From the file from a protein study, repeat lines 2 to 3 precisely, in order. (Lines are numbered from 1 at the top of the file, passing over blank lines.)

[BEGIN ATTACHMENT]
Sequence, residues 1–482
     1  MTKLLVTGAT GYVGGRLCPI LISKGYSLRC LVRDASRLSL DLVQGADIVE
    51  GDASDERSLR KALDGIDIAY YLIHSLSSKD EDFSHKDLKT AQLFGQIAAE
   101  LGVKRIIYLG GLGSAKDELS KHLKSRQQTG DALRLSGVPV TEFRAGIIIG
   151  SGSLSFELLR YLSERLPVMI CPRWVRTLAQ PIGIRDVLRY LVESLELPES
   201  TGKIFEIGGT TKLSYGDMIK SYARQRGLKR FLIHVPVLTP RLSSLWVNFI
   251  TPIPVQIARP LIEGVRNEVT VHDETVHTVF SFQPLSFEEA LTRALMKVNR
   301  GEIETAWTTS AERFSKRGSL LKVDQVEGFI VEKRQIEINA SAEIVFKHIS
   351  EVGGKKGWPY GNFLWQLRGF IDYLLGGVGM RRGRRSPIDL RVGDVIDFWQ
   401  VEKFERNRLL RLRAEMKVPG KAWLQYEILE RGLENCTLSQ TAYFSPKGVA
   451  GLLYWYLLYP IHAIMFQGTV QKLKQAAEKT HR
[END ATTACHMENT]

     1  MTKLLVTGAT GYVGGRLCPI LISKGYSLRC LVRDASRLSL DLVQGADIVE
    51  GDASDERSLR KALDGIDIAY YLIHSLSSKD EDFSHKDLKT AQLFGQIAAE